‘The power conversion was capable of reaching 64% efficiency,’ declares the investigator, ‘which does not sound a lot, but is good in the integrated circuit field.’ Power efficiency is the difference between the amount of power generated in the energy harvester and the power that reaches the device – generally, some of it gets lost in the process. Galea’s circuit seems to outperform the norm in the field, where integrated circuits usually accomplish between 13% and 60% power efficiency. ‘Although, it is possible to make the power conversion even more efficient,’ clarified Galea. All it takes is some redesign using an external power converter. However, that is not part of his investigation. It is collaborative work, after all. In fact, Galea actively considered the reusability of the circuit in a multitude of contexts by different designers. That speaks to the global ambitions of his work, which was thought of as a solution for universal problems in its field. Once again, the University of Malta shows its international orientation. Its investigators lift one stone, so others might use it to build a wall.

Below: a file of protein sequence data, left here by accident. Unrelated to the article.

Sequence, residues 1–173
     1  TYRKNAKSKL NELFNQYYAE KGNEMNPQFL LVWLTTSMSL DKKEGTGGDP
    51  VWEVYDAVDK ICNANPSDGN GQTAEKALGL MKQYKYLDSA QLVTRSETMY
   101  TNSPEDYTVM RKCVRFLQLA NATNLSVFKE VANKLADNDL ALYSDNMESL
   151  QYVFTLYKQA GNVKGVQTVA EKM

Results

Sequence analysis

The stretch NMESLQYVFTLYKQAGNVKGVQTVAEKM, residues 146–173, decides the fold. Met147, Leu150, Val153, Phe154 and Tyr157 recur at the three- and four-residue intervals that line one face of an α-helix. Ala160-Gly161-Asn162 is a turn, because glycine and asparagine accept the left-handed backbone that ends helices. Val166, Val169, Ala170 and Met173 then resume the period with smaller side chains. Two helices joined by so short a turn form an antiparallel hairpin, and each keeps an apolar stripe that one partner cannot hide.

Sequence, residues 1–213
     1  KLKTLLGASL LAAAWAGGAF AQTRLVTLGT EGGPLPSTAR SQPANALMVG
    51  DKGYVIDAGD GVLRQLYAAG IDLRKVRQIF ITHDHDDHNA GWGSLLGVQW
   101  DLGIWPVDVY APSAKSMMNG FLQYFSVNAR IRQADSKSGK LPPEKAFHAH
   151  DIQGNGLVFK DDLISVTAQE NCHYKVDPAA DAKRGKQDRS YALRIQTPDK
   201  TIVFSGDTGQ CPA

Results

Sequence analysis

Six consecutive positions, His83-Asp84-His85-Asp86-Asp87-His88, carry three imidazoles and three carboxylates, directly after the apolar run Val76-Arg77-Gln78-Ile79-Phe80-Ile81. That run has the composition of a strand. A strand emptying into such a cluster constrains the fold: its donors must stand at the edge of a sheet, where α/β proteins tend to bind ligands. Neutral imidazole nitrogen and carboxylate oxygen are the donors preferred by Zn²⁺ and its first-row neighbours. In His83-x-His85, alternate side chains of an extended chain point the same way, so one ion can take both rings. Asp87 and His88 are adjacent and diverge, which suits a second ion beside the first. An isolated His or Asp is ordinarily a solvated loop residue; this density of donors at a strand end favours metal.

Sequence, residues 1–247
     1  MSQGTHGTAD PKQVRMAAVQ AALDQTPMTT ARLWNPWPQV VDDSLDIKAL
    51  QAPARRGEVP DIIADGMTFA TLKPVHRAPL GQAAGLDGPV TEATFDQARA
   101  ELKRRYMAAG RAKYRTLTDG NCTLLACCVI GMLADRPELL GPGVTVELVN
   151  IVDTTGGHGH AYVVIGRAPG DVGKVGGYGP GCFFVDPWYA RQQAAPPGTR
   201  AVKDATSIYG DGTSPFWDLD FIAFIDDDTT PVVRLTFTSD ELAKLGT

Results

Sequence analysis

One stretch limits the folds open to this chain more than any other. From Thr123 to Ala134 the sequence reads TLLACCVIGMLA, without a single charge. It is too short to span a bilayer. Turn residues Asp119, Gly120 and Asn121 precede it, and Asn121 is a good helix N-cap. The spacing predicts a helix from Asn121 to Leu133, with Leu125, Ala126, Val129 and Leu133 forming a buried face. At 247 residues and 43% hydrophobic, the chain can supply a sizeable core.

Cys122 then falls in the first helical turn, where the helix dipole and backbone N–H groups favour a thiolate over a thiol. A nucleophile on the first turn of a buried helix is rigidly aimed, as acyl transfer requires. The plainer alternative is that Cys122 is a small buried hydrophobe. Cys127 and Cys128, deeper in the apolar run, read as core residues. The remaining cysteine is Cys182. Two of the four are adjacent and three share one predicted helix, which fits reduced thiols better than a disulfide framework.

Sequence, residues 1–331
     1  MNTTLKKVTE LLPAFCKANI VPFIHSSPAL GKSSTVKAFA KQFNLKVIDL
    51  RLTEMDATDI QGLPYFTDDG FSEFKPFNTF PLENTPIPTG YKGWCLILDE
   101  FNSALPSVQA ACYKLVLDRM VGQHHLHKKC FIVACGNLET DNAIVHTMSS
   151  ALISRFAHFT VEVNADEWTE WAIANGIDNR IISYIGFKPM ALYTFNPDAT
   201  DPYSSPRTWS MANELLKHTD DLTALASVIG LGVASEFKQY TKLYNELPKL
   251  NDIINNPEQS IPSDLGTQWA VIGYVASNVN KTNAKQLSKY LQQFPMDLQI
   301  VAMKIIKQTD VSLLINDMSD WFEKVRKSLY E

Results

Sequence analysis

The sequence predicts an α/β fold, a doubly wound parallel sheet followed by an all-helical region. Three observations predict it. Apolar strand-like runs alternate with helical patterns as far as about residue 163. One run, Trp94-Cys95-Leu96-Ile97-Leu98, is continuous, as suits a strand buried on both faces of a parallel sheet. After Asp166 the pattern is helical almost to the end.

Prof. Ing. Owen Casha was the principal supervisor for this research, while Prof. Ivan Grech was the co-supervisor.

This article was produced in collaboration with the University of Malta’s Doctoral School.

The research was funded by the ENDEAVOUR Scholarship Scheme (Malta). The scholarship was part-financed by the European Union – European Social Fund (ESF) under Operational Program II – Cohesion Policy 2014-2020, “Investing in human capital to create more opportunities and promote the wellbeing of society”.In addition to the ENDEAVOUR Scholarship Scheme, Dr Ing. Francarl Galea was also awarded a
Hi-Silicon Sponsorship Program. This sponsorship covered the costs of the fabrication of an integrated circuit prototype.